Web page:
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In Connie's excellent video of the Lakefront Arts Festival in Milwaukee, I noticed that several artists essentially used a complete outdoor tent set-up within the huge show tent supplied by the event.  Why?

If using a 10x10 as a structure for adding walls, it seems to me that more light would come into the booth if the canopy is removed.  Why keep the canopy on and create a low ceiling within your space?  I've never used a canopy within an event I missing something?

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I agree Karen. I thought it was odd -- especially given the light. Natural light is best for viewing and the first two days were very overcast and dark, as you could also see from the video. What I think was going on was that maybe their panels were fastened to the tent frame so they put the whole tent up.

When we would do indoor shows we never used our tent. In fact, we always felt like it was a great opportunity to put up something nicer with a new configuration that we wouldn't do when weather was a factor, more of a gallery look.

Some artists don't trust the tent to not leak if it rains or afraid condensation will build up. Some need their canopy to set their display up. Extra visual security at night. I've set my own canopy up within large tents, like at Fort Worth.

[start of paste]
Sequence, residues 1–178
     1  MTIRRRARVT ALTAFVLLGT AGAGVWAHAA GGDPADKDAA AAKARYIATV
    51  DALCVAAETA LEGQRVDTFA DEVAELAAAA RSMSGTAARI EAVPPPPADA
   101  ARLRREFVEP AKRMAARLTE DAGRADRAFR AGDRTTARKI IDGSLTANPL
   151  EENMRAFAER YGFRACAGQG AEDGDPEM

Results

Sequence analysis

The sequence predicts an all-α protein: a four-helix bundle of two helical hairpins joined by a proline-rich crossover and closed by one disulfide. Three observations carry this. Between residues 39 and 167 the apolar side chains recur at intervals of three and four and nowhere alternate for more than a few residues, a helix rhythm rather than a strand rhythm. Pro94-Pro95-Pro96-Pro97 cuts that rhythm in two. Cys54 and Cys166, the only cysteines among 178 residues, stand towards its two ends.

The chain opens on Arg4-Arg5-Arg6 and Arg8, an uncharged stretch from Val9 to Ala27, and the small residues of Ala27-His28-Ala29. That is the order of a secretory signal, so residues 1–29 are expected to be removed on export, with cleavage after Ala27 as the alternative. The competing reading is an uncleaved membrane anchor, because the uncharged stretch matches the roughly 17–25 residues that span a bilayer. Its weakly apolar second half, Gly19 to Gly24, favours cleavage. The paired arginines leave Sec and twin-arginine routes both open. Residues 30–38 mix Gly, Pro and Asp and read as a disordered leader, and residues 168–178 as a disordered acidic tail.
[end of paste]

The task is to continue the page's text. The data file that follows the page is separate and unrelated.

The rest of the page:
Larry Berman

A lot of times the light system requires the tent poles and some tent tops are connected to the poles.  Also the lights in indoor locations can be the wrong "color" and put an undesirable cast on the work.  My lights are designed to reflect off of the tent top and give an even lighting throughout the booth.  This works better for me than spot lighting since my work is under glass.

Most shows done under the large supplied tent of the promoter do not have any type of partitioning between booths and therefore many artists use their tent frame as the dividers/partitions. If you use a tent such as aTrimline and you want to put your side walls as partitions the walls zipper to the top to fasten.

This might be why some people put up the entire tent as a way to fasten the sidewalls. However, not all larger tents provided by shows have enough height to place a single tent and its included canopy.

Has anyone used a different method of securing Trimline or similar wall sides without zippering them to the top canopy? The Velcro attachments do not provide enough stability to securely hold the sidewalls.

I am doing a show in Texas on the July 4th weekend under a large promoter provided tent and would be interested to hear and see what others have used in this scenario..

We have been in this situation a few times before at JazzFest in New Orleans and I had to rig up some side panels that were zip tied to the top and bottom stabars and then hidden with curtains..

Watcha' Got?

With the Trimline, you could flip the sidewalks upside down and use the grommet holes to zip tie to the Trimline framework. If the top fits under the roof it's easier just to set the whole thing up rather than to try to figure out an alternate.

The roof does leak in place at Lakefront and wind can blow rain into the back of you setup. The big tent does have monster walls that close.

Thanks for the input, everyone.  Makes sense now.  Like Connie, I do an "inside" set-up when inside an event tent, and bring my tent's sidewall(s) to drape from corner to corner at night to close off the view.


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